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There was Keith Relf, one of the founders and frontman of the band, and yet another art student. While some have criticised his vocal prowess, others have praised it, along with his songwriting and harmonica skills. The fact is that he was instrumental in getting the group off the ground (even naming it, according to Jim McCarty) and leading the cross over into the early psychedelic-rock/blues influenced music which allowed the group to flourish financially.
Like others, he went on after The Yardbirds to form groups. With Jim McCarty, he set up Together, then Renaissance which also included his sister, Jane. Then he set up Armageddon, hard rock outfit. His death came from electrocution at his home from an improperly grounded guitar. He was just 33. His entry in the Rock And Roll Hall Of Fame came in 1992, posthumously.
Jim McCarty was recognised as an innovative drummer, if without the exaggerations and excesses of Keith Moon. Nonetheless his influence was significant. He experimented with a train beat in Train Kept A-Rollin’, a martial beat on Shapes of Things and a proto speed metal beat on I’m A Man.
Of all of the band, he has written the most coherent and full account of their early days: "We got our break when we played at The Beatles’ Christmas Show in 1964 in Hammersmith Odeon in London. A publisher was in the audience and thought that a good song for us would be For Your Love, newly written by Graham Gouldman. We went into the studio and did a version using harpsichord, bongos and stand-up bass, Paul having had the idea to do this arrangement."
Paul Samwell-Smith is described byAll Music as: "something of the odd man out in the lineup, with relatively short, neatly combed hair in most photographs and the most conventional good looks for the time (which, in many ways, made him the most unconventional looking member of the band). While the others had the mod-ish, long straight-haired look of most British rock 'n' roll musicians of the time, he resembled more of a pre-Beatles-era musician, or even a blues or jazz enthusiast of the previous decade."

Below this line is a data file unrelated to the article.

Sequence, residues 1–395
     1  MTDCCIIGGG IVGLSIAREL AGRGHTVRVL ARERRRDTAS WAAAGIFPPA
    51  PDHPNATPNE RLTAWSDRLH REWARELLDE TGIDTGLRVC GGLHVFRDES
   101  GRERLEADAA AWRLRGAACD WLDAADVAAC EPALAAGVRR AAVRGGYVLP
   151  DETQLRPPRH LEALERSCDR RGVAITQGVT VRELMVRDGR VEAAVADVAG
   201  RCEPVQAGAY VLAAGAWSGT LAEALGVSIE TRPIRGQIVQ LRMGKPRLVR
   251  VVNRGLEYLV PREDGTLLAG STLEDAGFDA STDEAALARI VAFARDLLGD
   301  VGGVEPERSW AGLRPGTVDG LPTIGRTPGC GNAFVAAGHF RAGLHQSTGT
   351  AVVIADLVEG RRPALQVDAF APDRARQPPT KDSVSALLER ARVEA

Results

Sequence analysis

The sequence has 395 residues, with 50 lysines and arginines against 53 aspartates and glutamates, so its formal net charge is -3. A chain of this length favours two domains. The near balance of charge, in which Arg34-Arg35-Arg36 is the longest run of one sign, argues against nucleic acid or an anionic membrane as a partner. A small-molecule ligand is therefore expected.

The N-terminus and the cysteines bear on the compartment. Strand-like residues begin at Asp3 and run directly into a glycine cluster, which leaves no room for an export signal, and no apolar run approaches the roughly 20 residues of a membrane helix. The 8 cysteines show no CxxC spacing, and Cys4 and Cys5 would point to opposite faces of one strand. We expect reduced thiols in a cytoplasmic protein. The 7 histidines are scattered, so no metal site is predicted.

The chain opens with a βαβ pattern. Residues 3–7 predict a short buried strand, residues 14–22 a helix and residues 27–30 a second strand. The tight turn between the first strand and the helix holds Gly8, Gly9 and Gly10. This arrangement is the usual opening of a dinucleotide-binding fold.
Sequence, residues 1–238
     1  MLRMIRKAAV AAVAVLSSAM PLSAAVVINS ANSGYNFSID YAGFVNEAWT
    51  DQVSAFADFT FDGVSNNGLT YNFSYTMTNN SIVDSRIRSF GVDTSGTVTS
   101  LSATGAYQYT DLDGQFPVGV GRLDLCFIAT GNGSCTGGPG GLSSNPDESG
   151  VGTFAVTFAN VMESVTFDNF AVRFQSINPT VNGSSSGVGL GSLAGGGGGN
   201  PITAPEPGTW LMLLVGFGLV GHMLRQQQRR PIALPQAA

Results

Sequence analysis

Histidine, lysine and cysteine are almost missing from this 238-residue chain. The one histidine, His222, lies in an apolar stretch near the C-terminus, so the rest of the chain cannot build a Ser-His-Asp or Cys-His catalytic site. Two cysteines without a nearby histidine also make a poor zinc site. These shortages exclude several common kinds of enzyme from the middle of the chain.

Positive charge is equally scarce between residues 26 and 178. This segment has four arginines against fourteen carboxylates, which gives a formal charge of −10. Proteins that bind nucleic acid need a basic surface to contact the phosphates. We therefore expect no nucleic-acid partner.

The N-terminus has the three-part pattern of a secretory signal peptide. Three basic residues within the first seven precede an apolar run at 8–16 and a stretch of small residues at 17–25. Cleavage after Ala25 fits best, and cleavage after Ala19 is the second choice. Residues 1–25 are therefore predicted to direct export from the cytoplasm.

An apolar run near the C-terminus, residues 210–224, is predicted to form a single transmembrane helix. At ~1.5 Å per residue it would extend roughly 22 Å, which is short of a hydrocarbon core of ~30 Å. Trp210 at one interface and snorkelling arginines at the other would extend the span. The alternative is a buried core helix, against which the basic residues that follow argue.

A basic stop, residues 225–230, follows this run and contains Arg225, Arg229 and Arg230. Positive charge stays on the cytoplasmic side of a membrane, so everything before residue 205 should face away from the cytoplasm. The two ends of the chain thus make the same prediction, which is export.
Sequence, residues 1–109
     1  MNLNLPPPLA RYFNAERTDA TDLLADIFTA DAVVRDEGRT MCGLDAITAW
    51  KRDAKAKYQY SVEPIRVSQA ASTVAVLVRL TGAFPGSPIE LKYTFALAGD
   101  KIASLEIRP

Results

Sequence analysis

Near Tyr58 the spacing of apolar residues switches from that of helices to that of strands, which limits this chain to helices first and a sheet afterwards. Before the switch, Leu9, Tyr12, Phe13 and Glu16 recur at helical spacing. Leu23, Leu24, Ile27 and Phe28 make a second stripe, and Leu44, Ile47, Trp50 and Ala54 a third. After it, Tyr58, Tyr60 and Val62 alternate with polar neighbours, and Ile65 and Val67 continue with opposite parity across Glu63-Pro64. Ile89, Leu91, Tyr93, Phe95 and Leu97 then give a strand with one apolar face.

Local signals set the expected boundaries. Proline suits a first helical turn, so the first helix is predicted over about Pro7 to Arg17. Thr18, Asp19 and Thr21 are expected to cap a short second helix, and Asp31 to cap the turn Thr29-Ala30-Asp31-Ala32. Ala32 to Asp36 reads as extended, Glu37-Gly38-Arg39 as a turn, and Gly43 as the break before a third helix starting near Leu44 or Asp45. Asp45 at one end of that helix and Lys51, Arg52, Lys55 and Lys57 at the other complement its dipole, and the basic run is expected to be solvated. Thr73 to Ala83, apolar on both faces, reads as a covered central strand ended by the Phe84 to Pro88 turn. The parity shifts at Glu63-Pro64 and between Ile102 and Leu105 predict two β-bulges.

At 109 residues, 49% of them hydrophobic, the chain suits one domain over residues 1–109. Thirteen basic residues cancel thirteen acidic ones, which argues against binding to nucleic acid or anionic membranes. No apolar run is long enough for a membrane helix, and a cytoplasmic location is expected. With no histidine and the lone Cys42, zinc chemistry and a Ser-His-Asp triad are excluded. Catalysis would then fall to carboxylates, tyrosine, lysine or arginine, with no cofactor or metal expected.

Feted for being as ‘much an architect of their music as anyone’, he created a distinctive bass that was almost the lead on Smokestack Lightning and then the foundation of You’re A Better Man Than I, a foil for Beck’s break. It was once they started writing their own material that Samwell-Smith came into his own and took on more production. Still I’m Sadbroke every rule going, becoming a three minute masterclass in '60s experimentation and eclecticism.
Chris Dreja always had an interest in photography (one of his pictures of Led Zeppelin was the back cover of their debut album), and it was to that field he moved after music, although he still plays in the contemporary Yardbirds line-up.
He switched from rhythm to bass guitar and took on song writing duties by the time the Roger The Engineer album was in production. He was rated enough by Jimmy Page to be offered a place in his new band (to become Led Zeppelin), but he turned that one down.
Anthony ‘Top’ Topham was The Yardbirds’ first lead (blues) guitarist, and his departure before the band really took off enabled Clapton to join. School friends with Chris Dreja, the pair frequented the Railway Hotel in Norbiton in south London to enjoy trad jazz. There they met Samwell-Smith, Relf and McCarty, and decided to form a new group.
Topham was only 15, younger than the others, and both he and his parents were anxious about his art (and other studies), so he decided not to turn professional as a musician. In the years between, he has pursued a number of different musical styles.
Most famous for leading successful '70s group 10cc, Graham Gouldman was first a song writer. Caught up and taken to the States to write ‘bubblegum pop’, he progressed from that ‘creative lowpoint’ to work with other artists in creating new and successful songs.
It was in 1965 while he worked in a men’s clothing store that he wrote a string of hits, which included For Your Love, Heart Full of Soul and Evil Hearted You for The Yardbirds.
In 1967 he wrote for producer Mickie Most, who achieved success with The Animals, Herman’s Hermits, Donovan, Suzi Quattro and the Jeff Beck Group. Most produced The Yardbirds’ album Little Games, and because it was not a commercial success swore he’d steer clear of rock groups from then on.
There was a deal of artistic difference, as he insisted every song should be three minutes and albums were an ‘afterthought from the singles’. This flew in the face of the rising success of concept albums in their own rights (such as The Beatles’ Sgt Pepper’s Lonely Hearts Club Band; Pink Floyd’s The Wall; The Beach Boys'Pet Sounds and Jethro Tull’s Thick As A Brick).
Some later observers have likened the Mickie Most-Yardbirds collaboration to Phil Spector producing Leonard Cohen’s 1977 Death Of A Ladies’ Man - highly unlikely and improbable!